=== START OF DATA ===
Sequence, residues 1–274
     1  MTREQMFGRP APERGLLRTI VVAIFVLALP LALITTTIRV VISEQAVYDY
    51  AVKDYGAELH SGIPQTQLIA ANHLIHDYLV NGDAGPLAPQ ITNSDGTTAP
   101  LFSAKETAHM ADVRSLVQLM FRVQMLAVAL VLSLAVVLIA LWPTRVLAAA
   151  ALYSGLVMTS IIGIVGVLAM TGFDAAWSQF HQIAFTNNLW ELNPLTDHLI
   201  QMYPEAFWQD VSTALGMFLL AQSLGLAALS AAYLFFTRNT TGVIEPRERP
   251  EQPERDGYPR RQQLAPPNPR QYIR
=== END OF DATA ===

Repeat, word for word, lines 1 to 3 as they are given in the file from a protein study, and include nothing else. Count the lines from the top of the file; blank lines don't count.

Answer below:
Sequence, residues 1–274
     1  MTREQMFGRP APERGLLRTI VVAIFVLALP LALITTTIRV VISEQAVYDY
    51  AVKDYGAELH SGIPQTQLIA ANHLIHDYLV NGDAGPLAPQ ITNSDGTTAP